Teen driver crashes take toll on young passengers 14 May 2015

Youngest drivers killing or injuring hundreds of their young friends and family annually

In 2013 – the latest year for which figures are available - 234 teenage car passengers were killed or seriously injured when the young driver (17-19) they were travelling with was involved in a crash.

This is more than four each week.

When casualties of all severities are included the annual figure rose 2,144 or around 41 each week.

The numbers were calculated by the RAC Foundation using MAST Online.

The data also shows that of all teenage car passengers killed or seriously injured over this period:

  • 45% were passengers in cars driven by 17-19 year-olds (1.5% of all full licence holders)
  • 23% were passengers in cars driven by 20-24 year-olds (5.8% of all full licence holders)
  • 31% were passengers in cars driven by drivers aged 25 and over (92.6% of all full licence holders)
  • 1% were passengers in cars driven by drivers aged 16 and under

 

Previous research for the RAC Foundation shows that while teenage drivers (17-19) make up only 1.5% of full licence holders they are involved in 12% of accidents where someone is killed or seriously hurt.

One in five newly qualified young drivers will have an accident within six months of passing their test.

The annual figures suggest the number of teenagers hurt in accidents where a teenager is driving has declined over recent years and at a faster rate than the general fall in road casualties. But rather than indicating that young drivers are becoming inherently safer it has been argued that the drop is down to:

  • Falling licence holding among young people
  • Falling trip rates among young people
  • Safer cars

 

Professor Stephen Glaister, director of the RAC Foundation, said:

“The coalition government repeatedly promised to publish a green paper on young driver safety and repeatedly failed to do so. In the meantime young people have continued to die. We would urge the new government to do what the last one did not and debate the subject formally and publicly.

“The casualty figures do not cast blame for accidents, but given the disproportionate number of young drivers involved in accidents the conclusion must be that many teenagers are being killed by the inexperience of their friends at the wheel.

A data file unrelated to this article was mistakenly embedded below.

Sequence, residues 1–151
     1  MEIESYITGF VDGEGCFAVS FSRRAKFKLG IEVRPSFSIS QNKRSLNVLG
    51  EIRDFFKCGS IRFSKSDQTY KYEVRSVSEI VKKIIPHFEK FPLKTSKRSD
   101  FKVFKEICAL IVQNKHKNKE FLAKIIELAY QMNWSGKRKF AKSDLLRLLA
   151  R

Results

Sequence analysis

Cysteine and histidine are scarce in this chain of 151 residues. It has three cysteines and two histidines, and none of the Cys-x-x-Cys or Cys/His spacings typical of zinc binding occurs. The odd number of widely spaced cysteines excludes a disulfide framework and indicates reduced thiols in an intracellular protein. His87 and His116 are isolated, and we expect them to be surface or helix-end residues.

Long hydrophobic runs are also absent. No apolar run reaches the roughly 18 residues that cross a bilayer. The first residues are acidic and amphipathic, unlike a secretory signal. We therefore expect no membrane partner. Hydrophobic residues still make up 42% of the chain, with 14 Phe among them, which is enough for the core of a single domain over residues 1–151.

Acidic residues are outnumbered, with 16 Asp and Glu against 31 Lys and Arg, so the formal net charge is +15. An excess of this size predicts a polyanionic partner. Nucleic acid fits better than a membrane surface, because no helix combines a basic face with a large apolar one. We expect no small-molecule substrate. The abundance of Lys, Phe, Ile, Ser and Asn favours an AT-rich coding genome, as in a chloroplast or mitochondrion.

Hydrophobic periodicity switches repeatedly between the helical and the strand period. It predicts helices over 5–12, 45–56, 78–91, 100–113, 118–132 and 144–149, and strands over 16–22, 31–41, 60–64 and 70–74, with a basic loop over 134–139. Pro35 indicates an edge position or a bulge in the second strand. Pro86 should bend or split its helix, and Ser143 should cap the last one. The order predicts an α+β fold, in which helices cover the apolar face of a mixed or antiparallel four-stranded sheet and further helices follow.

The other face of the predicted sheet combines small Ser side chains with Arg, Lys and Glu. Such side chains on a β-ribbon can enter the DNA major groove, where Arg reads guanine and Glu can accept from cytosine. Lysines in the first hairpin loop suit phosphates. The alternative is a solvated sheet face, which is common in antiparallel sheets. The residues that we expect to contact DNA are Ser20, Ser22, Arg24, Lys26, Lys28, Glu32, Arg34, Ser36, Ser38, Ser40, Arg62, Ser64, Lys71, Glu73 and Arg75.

“Factor in casualty figures for young drivers themselves and other people who might be involved in these accidents and the scale of the problem only gets bigger.

“It is a great disappointment that successive governments have failed to tackle an issue that is causing so much physical and emotional pain.

“If this was any other area of social and health policy there would be debates in parliament and marches on Downing Street, but for some reason society seems to tolerate the carnage on our roads particularly that involving young people.

“The increasing take-up of telematics-based insurance may help cut young driver accidents but graduated licensing has shown consistent promise around the world.

“Graduated licensing has been common in many countries for some time and would help keep newly qualified young drivers, and their passengers, safe during the critical first thousand miles after people have passed their test. It is a tragedy it has not been introduced or even debated as a policy option.”

ENDS

Contacts:

Philip Gomm – Head of External Communications – RAC Foundation

020 7747 3445 | 07711 776448 | philip.gomm@racfoundation.org

Notes to editors:

The RAC Foundation is a transport policy and research organisation that explores the economic, mobility, safety and environmental issues relating to roads and their users. The Foundation publishes independent and authoritative research with which it promotes informed debate and advocates policy in the interest of the responsible motorist.

The RAC Foundation is a registered charity, number 1002705. 

Teenage car passenger casualty stats where driver is aged 17-19:

Year

Teenage car passengers killed where young driver (17-19) at the wheel

(all killed on the roads)

Teenage car passengers seriously injured

where young driver (17-19) at the wheel

(all seriously injured on roads)

Teenage car casualties of all severities

where young driver (17-19) at the wheel

(all hurt on the roads)

2011

34    (1,901)

289      (23,122)

3,274     (203,950)

2012

29     (1,754)

275      (23,039)

2,673     (195,723)

2013

20     (1,713)

214      (21,657)

2,144     (183,670)

 

 

 

 

3 year average

28 (1,789)

259 (22,606)

2,697 (194,448)

 

 

 

 

Percentage change

2011 -2013

-41% (-10%)

-26% (-6%)

-35% (-10%)

 

Car driver casualty stats where driver is aged 17-19:

 Year

17-19 year old driver deaths

17-19 year old driver serious injuries

17-19 year old driver casualties of all

severities

2011

45

506

6,820

2012

57

408

5,758

2013

45

386

4,756

 

 

 

 

3 year average

49

433

5778

 

 

 

 

Percentage change

2011-2013

0%

-24%

-30%

 

The official casualty data was interrogated using the MAST Online tool developed by Road Safety Analysis:

www.roadsafetyanalysis.org 

Details of all the Foundation’s work is available at:

www.racfoundation.org

In 2013 the RAC Foundation published Young driver safety – solutions to an age-old problem

http://www.racfoundation.org/research/safety/young-driver-safety-research

In 2014 the RAC Foundation published Young driver crashes – mapping the casualties

http://www.racfoundation.org/media-centre/young-driver-crashes-mapping-the-casualties-press

In 2013 TRL published an assessment into the decline in road accident deaths and injuries:

http://www.trl.co.uk/reports-publications/trl-reports/road-safety/report/?reportid=6798

 

 

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